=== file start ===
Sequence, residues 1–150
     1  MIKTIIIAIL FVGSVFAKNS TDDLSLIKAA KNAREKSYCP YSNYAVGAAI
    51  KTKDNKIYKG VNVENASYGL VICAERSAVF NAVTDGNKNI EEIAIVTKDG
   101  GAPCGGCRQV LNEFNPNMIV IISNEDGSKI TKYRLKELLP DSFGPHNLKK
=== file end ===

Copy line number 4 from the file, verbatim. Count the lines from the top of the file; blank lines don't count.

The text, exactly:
   101  GAPCGGCRQV LNEFNPNMIV IISNEDGSKI TKYRLKELLP DSFGPHNLKK